Luitprand (Luitprandus), son of Aisprand (Aisprandus), king of the Lombards, received the kingdom while his father was yet alive; and he reigned thirty-one years and seven months, and was well worthy of the sovereignty. He was tall, possessed an erect strong body, and was so active and alert that no one was regarded as more skilled than he. He was so esteemed for righteousness and goodness that it was difficult to say in which of the virtues he excelled. He was also a very Christian man, and such a lover of devotion to God that he never permitted a church to be built without his help and revenues. At Pavia he also erected and adorned many churches. Charles (Carolus) Martel (Marcellus) was his godfather and very friendly toward him, sending him many men from Italy to help him against the Saracens. He also sent him his son Pepin (Pipinum), in order that he might cut his hair (as is the custom). Luitprand received him very kindly, and sent him back to his parents with presents. However, in the twelfth year of his reign he was moved by the ambition to rule; and he captured the cities round about and undertook the siege of the city of Rome. For that reason Pope Gregory (Gregorius) sent messengers to Charles (Carolum) the king of France, pleading with him to come to the assistance of the city of Rome and the churches. At the request of King Charles, Luitprand abandoned his undertaking, giving up to the Romans many of the cities he had wrested from them.[After the death of Grimoald, king of the Lombards, there followed a series of revolutions (671-711), during which six kings were on the Lombard throne. However, the prosperity of the Lombards was once more restored on the accession of Luitprand in 711. He framed wise laws, corrected evils, and won the favor of the nobility by his courage and prudence. But ambition led him to undertake the conquest of all Italy. Taking advantage of the internal strife caused by the iconoclastic edicts of Leo III, the Eastern emperor, he invaded the territory of the exarchate and took Ravenna. His success aroused the jealousy of Pope Gregory II, who, though delighted with the defeat of the iconoclasts, was disturbed by the growth of the Lombard power. When the Lombards entered Roman territory, the pope made an alliance with the Venetians whom he instigated to aid the exarch in recovering Ravenna. The people supported the pope. Leo sent emissaries to arrest him, but he was saved from imprisonment by the intervention of the Lombard king. The Italians revolted against Leo; but the pope dreaded Luitprand, and sought the protection of Charles Martel, the Duke of France. Gregory II died in the midst of the negotiations, which were pursued by Gregory III. Ravenna was taken from the exarch, who fled, and Italy was forever lost to the Eastern Roman Empire, only the pope and Lombard king remaining to dispute the sovereignty. Gregory III appealed to Martel as his predecessor had done; but the Frankish ruler died (741) before he was able to give assistance. Two years later Luitprand died also. He was succeeded in turn by Hildebrand and Rachis. In 749 Rachis was succeeded by Aistulf, and during his reign the Lombard kingdom reached the zenith of its greatness.]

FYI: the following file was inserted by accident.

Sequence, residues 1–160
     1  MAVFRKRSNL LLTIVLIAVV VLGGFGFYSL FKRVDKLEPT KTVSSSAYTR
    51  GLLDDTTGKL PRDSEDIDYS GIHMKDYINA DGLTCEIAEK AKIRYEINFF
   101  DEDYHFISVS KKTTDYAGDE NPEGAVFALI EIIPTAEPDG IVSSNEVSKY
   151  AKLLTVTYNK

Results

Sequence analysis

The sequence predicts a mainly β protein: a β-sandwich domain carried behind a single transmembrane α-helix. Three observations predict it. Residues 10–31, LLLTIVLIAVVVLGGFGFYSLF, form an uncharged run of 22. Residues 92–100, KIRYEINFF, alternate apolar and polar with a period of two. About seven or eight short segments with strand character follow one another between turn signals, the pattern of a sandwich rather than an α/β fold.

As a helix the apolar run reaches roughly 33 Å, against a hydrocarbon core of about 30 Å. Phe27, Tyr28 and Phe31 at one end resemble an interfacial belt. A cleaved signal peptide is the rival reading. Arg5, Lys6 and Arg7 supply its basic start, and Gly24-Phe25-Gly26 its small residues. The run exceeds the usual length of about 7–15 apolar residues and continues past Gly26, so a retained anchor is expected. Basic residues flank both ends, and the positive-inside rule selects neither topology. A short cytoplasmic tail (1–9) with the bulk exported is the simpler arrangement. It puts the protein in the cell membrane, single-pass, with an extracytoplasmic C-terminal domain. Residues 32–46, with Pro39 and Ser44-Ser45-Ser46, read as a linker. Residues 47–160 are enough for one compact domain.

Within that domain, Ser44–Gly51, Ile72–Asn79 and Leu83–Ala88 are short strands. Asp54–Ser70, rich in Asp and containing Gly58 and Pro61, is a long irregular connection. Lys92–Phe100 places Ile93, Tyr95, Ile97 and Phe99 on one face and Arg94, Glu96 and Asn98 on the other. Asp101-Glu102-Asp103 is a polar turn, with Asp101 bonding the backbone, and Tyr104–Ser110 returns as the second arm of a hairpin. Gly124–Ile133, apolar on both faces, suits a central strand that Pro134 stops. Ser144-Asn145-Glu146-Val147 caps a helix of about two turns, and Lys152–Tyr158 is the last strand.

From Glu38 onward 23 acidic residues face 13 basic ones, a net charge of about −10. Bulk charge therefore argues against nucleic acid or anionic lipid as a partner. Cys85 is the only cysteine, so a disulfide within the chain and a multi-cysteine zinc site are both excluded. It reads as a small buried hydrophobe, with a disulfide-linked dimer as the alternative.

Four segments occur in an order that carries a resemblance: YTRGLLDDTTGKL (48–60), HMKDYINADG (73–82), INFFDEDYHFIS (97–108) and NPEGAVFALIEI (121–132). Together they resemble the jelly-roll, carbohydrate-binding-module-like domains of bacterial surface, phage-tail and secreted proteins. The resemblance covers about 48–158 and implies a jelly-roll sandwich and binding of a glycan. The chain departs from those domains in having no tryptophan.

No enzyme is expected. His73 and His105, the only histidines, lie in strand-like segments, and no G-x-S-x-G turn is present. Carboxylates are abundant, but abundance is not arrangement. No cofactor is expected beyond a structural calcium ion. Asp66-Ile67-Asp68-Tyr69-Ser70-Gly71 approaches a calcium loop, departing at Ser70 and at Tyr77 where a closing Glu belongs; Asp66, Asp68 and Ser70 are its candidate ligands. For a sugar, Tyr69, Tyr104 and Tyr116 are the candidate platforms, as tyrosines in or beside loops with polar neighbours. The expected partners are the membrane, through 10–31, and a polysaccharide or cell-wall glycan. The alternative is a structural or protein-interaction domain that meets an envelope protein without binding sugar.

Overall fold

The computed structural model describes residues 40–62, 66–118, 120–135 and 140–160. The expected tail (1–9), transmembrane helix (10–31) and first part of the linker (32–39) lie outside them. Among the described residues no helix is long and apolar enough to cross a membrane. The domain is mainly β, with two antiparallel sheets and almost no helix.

Richoldus, Duke of Frisia, was in this year converted by the preaching of Wulfram (Wolframmii), the bishop; but when he went to be baptized, he was seized with doubt; and he withdrew one foot, inquiring whether most of his forefathers were in hell or in Paradise. And when he was told that most of them were in hell, he hurriedly withdrew the other foot also, saying that it is better to follow the many than the few. And so he was cheated by his own folly, and he was taken away by a death upon which he had not reckoned.

Two comets were seen in January of this year for 15 days in the sky. One of them appeared before sunrise, the other followed at vespers.

Othmar (Othmarus), a German, educated in the Scriptures and in virtue, was consecrated as a priest. Because of his pious conduct and renown, Count Victor elevated him to the prelacy, and he was elected abbot. He greatly enlarged the monastery with estates and buildings, and led a strict and well regulated life. He often visited the poor, and also built a hospital. Yet he was persecuted by those who envied him. A woman accused him, and he was sent into exile; and there he died. After ten years his body was translated over the Lake of Constance to the monastery of Saint Gall, in the presence of great miracles and the stilling of the turbulent waters. And as often as the little barrel full of wine that he used for refreshing the monks was drunk, it experienced no loss of wine.[ The last sentence in this paragraph is not in the German edition of the .]

ILLUSTRATIONS
1.

Sebald (S. Sebaldus), patron saint of Nuremberg, is here represented as a sturdy bearded pilgrim and missionary, with a symbolical shell on his hat, a staff in his left hand, and in his right a model of his church with its two towers, one of the most venerable edifices of Nuremberg. He is so represented in a statue by Peter Vischer, and in a fine woodcut by Albrecht Dürer. The type of hat is the usual one for pilgrims.

2.

Othmar (Othmarus), represented as a monk—a small cask, with a carrying handle in his left hand; crozier in his right. The cask may symbolize the fact that St. Othmar may have performed the office of cellarer (a sort of monastic wine steward) for the monastery where he resided.